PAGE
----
If you call getting a boat kit in the mail
and spending about fifty hours assembling it
before you felt confident that it would float
then I can say “I built a boat!”
And then I sailed it!
I sailed it around the Long Island Sound
while getting in touch with ecstacy.
It asisted me in dealing with
the coming of middle age.
And even now when I’ve more than doubled
the years I had back then
I can still re create my joy.
Not much goes on around here
that is of great interest
so I thought I’d submit some news
that reflects our curremt rendezvous
Bob said that he was about
to have his toenails cut.
And then he did —
but when I saw him
he looked the same.
Only a few of us knew.
For the most part
little things happen
and we are kept in the dark — mostly.
When I heard about the cutting
I began to envy Bob
because I still stretch to reach my toes
and it is a painful stretch.
Hardly anyone knows about my envy
because it is hard to see
as are Bob’s toes.
If something more significant happens
I’ll get over it.
In fact, if write about it
it is likely to vanish.
The dream portion of my head
allowed me to rise up out of bed
and go walking through some woods —
through some Yankee woods.
My sleepmate was beside me
and together we crunched some leaves
’til we came to a levee.
There we stopped
and watched the sun go down
but not before a little black bear
came to be with us —
one who wanted a pat on the back
and a tickle on his tommy —
both of which I provided.
Woke up with a smile
and no need to return
through the trees.
I’m tempted to deal with old age
when considering the Muse —
either with my problems
or those of my peers.
But the elderly are tired of
listening to too much sadness
and those younger
can’t even grasp how it really is.
So what’s left?
MEMORIES AND IMAGINATION
can do it! —
can keep us from withering too much
in our final years.
The dream was so vivid.
I remember being moved.
But when I went to retrieve it
it was not there.
Tried as I might
I could not bring it back.
Its absence was something I mourned.
So real to me
in the middle of the night
and then just a memory
of something I cannot remember.
Strange it is to be alive
and to lose such matters.
I would not wish such
on people I care about
nor on anyone else
who loves to dream
and then looks back to ponder.
The first “band” I played in
was in the second grade.
I played “the sticks”.
Others played triangles
and things that you shake.
A few years later
I played the drums in junior high —
then in the high school band and orchestra —
then in a Navy drum corps —
and finally in the Gettysburg College marching band.
The above is not fascinating information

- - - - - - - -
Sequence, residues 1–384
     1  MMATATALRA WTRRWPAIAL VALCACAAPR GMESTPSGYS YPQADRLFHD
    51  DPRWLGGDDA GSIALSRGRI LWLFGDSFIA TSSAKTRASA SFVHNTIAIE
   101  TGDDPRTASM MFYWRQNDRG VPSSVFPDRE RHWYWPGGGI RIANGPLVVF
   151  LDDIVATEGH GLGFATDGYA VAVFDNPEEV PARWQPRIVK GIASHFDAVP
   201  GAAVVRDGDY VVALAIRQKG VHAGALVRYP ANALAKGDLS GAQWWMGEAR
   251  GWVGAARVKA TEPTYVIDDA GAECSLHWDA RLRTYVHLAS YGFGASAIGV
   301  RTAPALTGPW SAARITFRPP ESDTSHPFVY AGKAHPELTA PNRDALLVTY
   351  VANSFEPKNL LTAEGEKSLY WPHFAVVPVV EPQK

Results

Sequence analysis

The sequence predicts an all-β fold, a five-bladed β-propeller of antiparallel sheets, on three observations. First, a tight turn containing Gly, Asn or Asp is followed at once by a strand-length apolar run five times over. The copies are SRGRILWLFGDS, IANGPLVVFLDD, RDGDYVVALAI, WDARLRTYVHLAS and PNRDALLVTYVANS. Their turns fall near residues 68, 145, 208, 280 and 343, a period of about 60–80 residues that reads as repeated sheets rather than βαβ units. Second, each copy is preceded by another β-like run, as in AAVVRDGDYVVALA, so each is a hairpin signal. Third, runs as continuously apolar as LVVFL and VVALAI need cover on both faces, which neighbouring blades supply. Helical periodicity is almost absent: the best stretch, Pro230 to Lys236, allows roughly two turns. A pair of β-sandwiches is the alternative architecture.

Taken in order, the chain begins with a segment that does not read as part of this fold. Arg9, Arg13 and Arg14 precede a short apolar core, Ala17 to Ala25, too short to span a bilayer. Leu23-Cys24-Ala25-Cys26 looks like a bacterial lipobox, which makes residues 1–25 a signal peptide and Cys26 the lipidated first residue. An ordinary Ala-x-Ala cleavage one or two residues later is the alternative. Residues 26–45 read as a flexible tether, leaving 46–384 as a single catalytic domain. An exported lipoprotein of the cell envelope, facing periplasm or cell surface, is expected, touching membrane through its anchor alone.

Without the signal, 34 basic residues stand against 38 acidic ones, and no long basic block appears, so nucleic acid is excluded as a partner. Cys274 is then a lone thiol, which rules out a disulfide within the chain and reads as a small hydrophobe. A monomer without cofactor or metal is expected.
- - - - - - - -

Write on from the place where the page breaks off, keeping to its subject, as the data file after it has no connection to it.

but it is more data than I ever received
from either of my parents’ childhoods.
They told me hardly anything about their pasts.
Now you know something about me
and if my children should happen to read this
they will know more about my early life
than I ever gathered
from my mother’s or my father’s childhoods.
As I face my twilight years
I want to know more about my forebears —
and that is not likely to happen.
Those who might have known something
have all left the planet.
Obviously, leaving a legacy has been of little concern
to those who have gone before me
and share my DNA.
Sometimes the only pleasure here
is hearing of the pleasure of others.
Thanks to our laptop and our telephone
often we’re made aware of distant pleasure.
Of course, we have each other —
a quiet plesasure denied so many folks
There are books, of course
and television offers.
we through our simple dailyness
sharing little in what you’d call “excitement”.
The sun goes down
and we’re surprised
that yet another day has passed.
The other day, at dinner time
I was chewing some asparagus
and, after a time, my mouth felt a bit strange.
I moved my tongue around and bit down
and encountered what felt to be a little stone.
I chewed again, as gently as I could
and encountered a tooth:
my tooth — a molar that had come loose.
I carefully removed it.
That molar had been servicing me for most of my life
and I should have been thankful for its years of grinding.
But, instead, for a moment, I felt I was falling apart.
I caressed the space where the molar had been
with my curious tongue, and I was not pleased.
I wrapped up that little piece of my life in a handkerchief
and put it in my pocket and waited until dinner was over
and I was back in our apartment.
What was I going to do with my poor lost tooth?
I still don’t know.
I don’t think my dentist wants it.
My wife doesn’t want it.
Neither do my children.
But I cannot throw it away.
I suppose that’s being silly.
Well, I’m being silly!
Most every day
I am exposed to man’s evil
and to his greatness
thanks to television’s eyes.
Most every day
I think of how I fit
into the scheme
of life’s unfolding.
there isn’t much for me to do
except to deal with the days’s minutia:
food and medication —
sleeping and awaking to
thinking about things that matter
only to me and to my loved ones.
The days move on
and I am set to wondering
how it will all turn out —
for me and for the world.
That I can still scrape some words together
to make a sentence
still pleases me
and I will share a thought or two with you
as long as providence allows.